Now, the Church, let us ask ourselves again and be honest about it:

Is it the bureaucracy (read: denominations) for the missions? Or the missions for the bureaucracy (again read: denominations)?

The Peril of Turning Prayer into a Routine

Prayer is about communication.

Prayer is how we hear from God, and it is also how God speaks to us. And yet, we also are fully aware that Christians who believe in the existence of the almighty God in their very own lives are known to rarely pray. If one genuinely believed in the power of prayer, why wouldn’t he/she pray? Does that mean Christians say one thing and believe something else?

But what if it might be because many of us have turned prayer into a mere routine? Wait, isn’t that good if we habitually, routinely pray? That means regular prayer, right? Like eating, sleeping, brushing teeth, etc. Maybe but maybe not:

I have found the habit of prayer is truly a weapon. It can protect you, but it can also be dangerous. Since I write my prayers down, it is easy for me to fall in love with the words on the page more than the One I’m writing them to. I like the way my pen feels in my hand and finding ways to string my thoughts together until they are beautiful.

Never let the habit of prayer outweigh the holiness of prayer.

See full posting here.

Why UX Isn’t the Next “Everything”

UX is everything.

Is it?

Living in a day and age where the term UX has become such a buzz word, many are mistakenly lured into the journey of pursuing UX as their next career destination. Coding schools have designed programs to help people find jobs in the UX field, and more and more blogs and websites are coming out to write about UX at large, the latest trends in UX, and interviews with some of the best, hottest UX designers.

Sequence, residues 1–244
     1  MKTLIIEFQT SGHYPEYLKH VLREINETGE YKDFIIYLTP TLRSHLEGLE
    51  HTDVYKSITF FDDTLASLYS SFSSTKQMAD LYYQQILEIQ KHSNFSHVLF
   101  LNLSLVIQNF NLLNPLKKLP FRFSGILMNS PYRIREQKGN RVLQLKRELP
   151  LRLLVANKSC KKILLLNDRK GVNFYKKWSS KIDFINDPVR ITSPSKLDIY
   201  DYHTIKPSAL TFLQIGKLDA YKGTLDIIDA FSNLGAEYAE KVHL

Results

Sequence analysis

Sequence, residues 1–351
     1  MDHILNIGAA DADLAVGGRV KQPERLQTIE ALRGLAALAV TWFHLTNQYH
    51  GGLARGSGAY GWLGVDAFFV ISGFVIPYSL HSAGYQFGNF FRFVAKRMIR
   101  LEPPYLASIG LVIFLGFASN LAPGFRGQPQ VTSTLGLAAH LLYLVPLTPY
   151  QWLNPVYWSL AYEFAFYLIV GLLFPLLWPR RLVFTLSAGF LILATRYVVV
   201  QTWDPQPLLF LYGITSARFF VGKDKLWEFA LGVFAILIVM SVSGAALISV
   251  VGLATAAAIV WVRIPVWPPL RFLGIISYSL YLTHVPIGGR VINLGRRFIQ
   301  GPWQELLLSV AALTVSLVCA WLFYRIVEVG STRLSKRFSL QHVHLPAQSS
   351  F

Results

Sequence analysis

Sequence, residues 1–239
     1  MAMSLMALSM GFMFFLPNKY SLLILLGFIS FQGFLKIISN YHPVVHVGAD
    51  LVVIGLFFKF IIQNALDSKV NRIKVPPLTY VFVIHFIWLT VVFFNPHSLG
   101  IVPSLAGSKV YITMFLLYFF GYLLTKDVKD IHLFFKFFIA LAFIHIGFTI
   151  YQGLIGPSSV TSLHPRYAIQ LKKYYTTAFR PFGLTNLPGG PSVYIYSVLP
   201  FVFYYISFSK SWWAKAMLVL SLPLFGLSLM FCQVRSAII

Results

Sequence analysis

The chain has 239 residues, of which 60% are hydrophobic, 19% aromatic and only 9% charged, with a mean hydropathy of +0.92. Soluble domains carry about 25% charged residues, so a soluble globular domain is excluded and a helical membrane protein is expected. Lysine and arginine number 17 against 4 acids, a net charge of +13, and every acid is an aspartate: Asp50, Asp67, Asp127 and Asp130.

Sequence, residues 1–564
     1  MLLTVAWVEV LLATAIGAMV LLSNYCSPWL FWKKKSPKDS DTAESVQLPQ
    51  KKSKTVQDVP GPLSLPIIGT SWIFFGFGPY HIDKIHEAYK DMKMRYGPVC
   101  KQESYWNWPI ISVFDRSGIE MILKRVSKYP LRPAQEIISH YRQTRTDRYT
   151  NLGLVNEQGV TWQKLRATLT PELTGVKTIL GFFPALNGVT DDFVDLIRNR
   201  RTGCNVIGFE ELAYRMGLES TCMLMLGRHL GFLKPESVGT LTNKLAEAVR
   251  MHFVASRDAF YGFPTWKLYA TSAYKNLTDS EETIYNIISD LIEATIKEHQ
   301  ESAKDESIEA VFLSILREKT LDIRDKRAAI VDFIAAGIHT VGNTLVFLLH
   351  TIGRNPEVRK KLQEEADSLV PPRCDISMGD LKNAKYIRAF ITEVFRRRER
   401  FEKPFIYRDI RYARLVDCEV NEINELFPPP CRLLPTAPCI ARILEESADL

So, why is UX so hot these days? Is it because of certain perks that come with the job (title) itself? Or is there something about UX that is inherently appealing to those who pursue the art and those who demand the service?

A renowned UX designer writes:

I recently met some people at a hackathon who transitioned into UX Design at an impressive speed. But they weren’t your average joes. They didn’t just wake up one day, decided they wanted to switch careers, and got a UX job a week later.

Instead, these people are good problem solvers; one was a talented product manager, another was on his way to a PhD in ethnographic research, and another was a skilled web designers who’ve been (subconsciously) doing UX for the past 5 years.

These are people who are smart and can solve problems, regardless of their job title.

See full posting here.

Humanitarian Worker Trying to Escape Something but Not Quite Succeeding

I am not a humanitarian worker myself but have aspired to be one for a long time. I don’t think I quite thought about this when I was contemplating the idea of becoming one, but the following excerpt from a humanitarian worker puts it very aptly — the worker’s insatiable urge to want to change everything, which strangely leads to escapism.